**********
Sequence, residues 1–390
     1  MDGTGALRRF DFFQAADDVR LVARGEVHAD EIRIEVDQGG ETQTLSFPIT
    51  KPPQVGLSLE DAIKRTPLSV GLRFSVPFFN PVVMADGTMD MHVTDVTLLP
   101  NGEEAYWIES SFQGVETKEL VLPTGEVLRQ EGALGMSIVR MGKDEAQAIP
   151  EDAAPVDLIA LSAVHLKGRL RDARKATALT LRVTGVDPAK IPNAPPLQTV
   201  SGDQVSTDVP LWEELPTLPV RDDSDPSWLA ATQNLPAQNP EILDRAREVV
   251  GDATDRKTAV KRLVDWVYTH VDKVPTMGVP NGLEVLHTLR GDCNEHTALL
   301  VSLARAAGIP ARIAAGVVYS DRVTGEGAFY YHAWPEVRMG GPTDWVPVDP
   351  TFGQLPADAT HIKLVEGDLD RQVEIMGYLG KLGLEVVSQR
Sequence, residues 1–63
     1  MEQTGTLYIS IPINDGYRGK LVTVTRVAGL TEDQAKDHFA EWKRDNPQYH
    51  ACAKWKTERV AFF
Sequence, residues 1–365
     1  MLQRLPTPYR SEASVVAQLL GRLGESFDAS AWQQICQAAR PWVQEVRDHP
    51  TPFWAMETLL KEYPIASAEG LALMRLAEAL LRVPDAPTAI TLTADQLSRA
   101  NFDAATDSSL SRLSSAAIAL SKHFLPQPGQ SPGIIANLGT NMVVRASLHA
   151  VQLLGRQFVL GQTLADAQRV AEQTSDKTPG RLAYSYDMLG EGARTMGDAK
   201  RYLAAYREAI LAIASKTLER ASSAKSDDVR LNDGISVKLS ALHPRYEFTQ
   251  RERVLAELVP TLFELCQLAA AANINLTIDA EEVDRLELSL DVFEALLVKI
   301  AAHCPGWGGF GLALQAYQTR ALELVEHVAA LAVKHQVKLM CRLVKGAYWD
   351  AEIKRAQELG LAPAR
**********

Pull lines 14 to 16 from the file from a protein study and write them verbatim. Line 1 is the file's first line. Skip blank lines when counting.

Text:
     1  MLQRLPTPYR SEASVVAQLL GRLGESFDAS AWQQICQAAR PWVQEVRDHP
    51  TPFWAMETLL KEYPIASAEG LALMRLAEAL LRVPDAPTAI TLTADQLSRA
   101  NFDAATDSSL SRLSSAAIAL SKHFLPQPGQ SPGIIANLGT NMVVRASLHA